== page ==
Do you have someone in the family who is diagnosed with Attention Deficit Hyperactivity Disorder? If you do, then you might have already experienced people’s judgments and comments about the condition and how negatively they think about its impact on our life.
It is a painful truth that a lot has been said about ADHD – confusing statements and misconceptions that are hurtful to us and of course, to the people who are living with ADHD. Some mistakenly refer to it as a myth, an imaginary disorder that exists only because of over-diagnosis and over-medication. Also, due to lack of knowledge and pure ignorance, they believe that it is a temporary behavioral pattern that can be cured through good parenting and will eventually disappear when the person reaches adulthood. Worse, others make incorrect and offensive statements about ADHD.
“When people think about attention deficit disorder (ADHD), they usually consider it a childhood problem. However, a large proportion — between 30 and 70 percent — of children with the condition remain affected throughout adulthood.” –Ben Martin, Psy.D
If you are a family member or a significant other whose loved one has ADHD, you might be interested to learn more. Below is a list of things that you should never say to children or adults with ADHD.
“ADHD is a myth. Kids are just kids, so let them be.”
“ADHD is just over-diagnosed and always used as a diagnosis for hyperactive kids.”
“It’s not a big deal at all. We all have a little ADHD.”
These statements have everything to do with the legitimacy of ADHD as a true and real condition. People may unconsciously state that they had an “ADHD situation” or just have “a little ADHD.” Undeniably, almost all of us have our moments when we forget even the simplest things, or we tend to be absent-minded when we are too caught up in deadlines. And, yes, parents often face the wrath of their child’s tantrums. These are but normal. But for those with ADHD, these circumstances don’t just happen once or twice in a month. They live with the symptoms every waking day of their life, and it debilitates them.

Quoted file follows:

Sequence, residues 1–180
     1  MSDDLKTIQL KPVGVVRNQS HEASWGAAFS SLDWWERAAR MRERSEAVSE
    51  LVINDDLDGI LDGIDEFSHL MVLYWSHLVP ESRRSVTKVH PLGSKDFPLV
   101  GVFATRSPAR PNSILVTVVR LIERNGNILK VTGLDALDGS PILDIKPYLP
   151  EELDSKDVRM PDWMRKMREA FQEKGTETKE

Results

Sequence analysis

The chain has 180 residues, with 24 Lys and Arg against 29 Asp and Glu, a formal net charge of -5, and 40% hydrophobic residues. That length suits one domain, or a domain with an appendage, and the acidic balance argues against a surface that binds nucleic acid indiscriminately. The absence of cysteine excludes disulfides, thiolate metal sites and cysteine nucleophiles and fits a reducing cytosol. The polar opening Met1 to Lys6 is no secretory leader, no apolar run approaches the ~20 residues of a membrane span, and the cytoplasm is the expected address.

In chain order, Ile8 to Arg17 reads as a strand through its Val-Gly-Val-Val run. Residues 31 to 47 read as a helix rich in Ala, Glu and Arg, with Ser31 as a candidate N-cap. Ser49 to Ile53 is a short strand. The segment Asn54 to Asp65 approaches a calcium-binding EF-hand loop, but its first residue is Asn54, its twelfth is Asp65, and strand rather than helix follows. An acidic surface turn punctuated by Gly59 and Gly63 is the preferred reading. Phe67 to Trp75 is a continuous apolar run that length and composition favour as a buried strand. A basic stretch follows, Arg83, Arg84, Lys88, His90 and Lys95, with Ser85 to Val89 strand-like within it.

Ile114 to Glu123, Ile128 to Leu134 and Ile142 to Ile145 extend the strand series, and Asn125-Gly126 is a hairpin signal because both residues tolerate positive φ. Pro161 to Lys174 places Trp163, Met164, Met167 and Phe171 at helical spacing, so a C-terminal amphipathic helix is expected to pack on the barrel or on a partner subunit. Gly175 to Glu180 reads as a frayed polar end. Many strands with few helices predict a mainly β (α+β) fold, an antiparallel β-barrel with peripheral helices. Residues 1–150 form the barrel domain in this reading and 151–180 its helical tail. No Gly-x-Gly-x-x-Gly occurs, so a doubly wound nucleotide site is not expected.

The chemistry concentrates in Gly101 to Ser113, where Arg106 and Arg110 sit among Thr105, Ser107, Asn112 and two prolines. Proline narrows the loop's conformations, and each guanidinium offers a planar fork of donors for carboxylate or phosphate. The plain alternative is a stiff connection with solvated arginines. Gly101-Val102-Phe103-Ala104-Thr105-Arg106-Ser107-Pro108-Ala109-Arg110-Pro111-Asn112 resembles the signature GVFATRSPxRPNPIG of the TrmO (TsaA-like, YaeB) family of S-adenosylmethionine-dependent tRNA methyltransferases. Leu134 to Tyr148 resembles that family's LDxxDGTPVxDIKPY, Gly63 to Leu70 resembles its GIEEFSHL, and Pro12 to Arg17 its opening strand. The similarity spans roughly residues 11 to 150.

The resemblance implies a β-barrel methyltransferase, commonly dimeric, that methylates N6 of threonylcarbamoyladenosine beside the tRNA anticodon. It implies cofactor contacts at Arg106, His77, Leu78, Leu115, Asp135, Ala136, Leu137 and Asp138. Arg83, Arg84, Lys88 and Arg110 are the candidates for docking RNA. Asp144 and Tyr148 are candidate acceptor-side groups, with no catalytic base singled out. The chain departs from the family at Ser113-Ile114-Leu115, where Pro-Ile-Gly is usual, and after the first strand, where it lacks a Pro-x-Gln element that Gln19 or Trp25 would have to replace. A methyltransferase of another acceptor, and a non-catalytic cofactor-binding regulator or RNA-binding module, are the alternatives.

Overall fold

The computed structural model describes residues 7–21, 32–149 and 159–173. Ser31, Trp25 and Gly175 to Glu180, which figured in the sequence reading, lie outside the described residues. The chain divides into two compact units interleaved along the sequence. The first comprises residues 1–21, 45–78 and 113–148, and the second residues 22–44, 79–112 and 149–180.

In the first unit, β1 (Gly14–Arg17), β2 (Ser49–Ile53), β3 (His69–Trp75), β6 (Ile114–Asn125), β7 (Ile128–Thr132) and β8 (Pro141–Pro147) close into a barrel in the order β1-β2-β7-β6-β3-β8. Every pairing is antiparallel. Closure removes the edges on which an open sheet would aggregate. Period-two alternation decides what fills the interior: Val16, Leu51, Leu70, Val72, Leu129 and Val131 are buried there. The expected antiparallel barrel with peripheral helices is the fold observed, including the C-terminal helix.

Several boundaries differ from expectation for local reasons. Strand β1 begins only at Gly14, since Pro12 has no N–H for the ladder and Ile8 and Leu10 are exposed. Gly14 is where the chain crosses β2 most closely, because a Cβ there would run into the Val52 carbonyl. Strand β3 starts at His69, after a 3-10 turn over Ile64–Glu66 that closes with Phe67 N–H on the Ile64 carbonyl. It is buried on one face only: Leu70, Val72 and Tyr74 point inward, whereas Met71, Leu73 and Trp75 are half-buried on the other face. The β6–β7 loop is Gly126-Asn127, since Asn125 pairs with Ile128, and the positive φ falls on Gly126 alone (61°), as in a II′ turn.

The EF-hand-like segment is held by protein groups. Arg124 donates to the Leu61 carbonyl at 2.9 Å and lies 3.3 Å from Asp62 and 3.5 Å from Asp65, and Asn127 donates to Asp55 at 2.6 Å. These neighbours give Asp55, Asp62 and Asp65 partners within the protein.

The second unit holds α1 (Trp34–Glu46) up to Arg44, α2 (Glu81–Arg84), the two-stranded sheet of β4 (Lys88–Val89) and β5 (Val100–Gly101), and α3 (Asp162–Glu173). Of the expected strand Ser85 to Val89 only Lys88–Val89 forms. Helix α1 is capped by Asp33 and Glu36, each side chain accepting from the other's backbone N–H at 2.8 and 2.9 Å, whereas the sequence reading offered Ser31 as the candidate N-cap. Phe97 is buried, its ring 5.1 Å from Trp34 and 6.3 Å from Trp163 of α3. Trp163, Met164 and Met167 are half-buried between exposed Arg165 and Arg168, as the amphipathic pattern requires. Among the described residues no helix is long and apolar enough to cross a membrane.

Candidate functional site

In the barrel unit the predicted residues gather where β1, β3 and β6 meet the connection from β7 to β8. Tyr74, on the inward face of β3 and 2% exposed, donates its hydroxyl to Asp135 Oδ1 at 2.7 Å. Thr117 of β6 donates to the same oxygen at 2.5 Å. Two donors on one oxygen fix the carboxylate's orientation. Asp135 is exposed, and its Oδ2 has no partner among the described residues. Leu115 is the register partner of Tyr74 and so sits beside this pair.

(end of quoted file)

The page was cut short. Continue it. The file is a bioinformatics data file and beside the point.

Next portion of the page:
“A child or teen diagnosed with ADD may or may not also have hyperactivity, which is a set of behaviors characterized by unstoppable fidgeting, not staying seated while in class, climbing on furniture or running about when it’s not play time, talks excessively, and cannot seem to play quietly.” –John M. Grohol, Psy.D
“It’s just an excuse to be lazy.”
“He has bad behavior, that’s who he is.”
“You’ll get through it if you just push yourself a little harder.”
There are times when people assume that individuals – kids, especially in this case – are just displaying bad behavior, and if they try to be good and push themselves to obey, these behaviors will disappear. This perception may lead people to think of ADHD more negatively. For instance, when other kids can do an activity fairly quickly than those who are diagnosed with ADHD, some might say that they’re just lazy. This is not the case. ADHD is a disorder that is characterized by an inability to consistently perform a task in a specific manner at a specific amount of time regularly. For that person with ADHD, it can be more than devastating. ADHD is not an excuse. It is an explanation of a real condition.
“Children meet developmental milestones when they are ready. There are ranges of what is considered appropriate and what may be considered delayed.” –Francyne Zeltser, Psy.D.
“ADHD emerges when parents fail to perform their obligations. It’s all about good parenting.”
“All your child needs is more discipline.”
So goes this below-the-belt judgment from other parents who only know too little. You don’t cure someone of his ADHD when you become a better parent, or you establish stricter rules for him. While it is true that individuals with ADHD can be more challenging to deal with, parents don’t need to doubt their skills and their love for their children. ADHD is a neurobiological disorder, typically genetic in nature. Although environmental factors can help them adjust to their condition, external factors such as this will not cure it.
The misconceptions and incorrect statements mentioned above are particularly harmful because their mistaken beliefs keep the parents of kids with ADHD and also adult with ADHD from seeking possible treatment. It is vital, then, that we must all know more about it, including its signs and symptoms, the proper interventions, and how we can help make life easier for them in our little ways.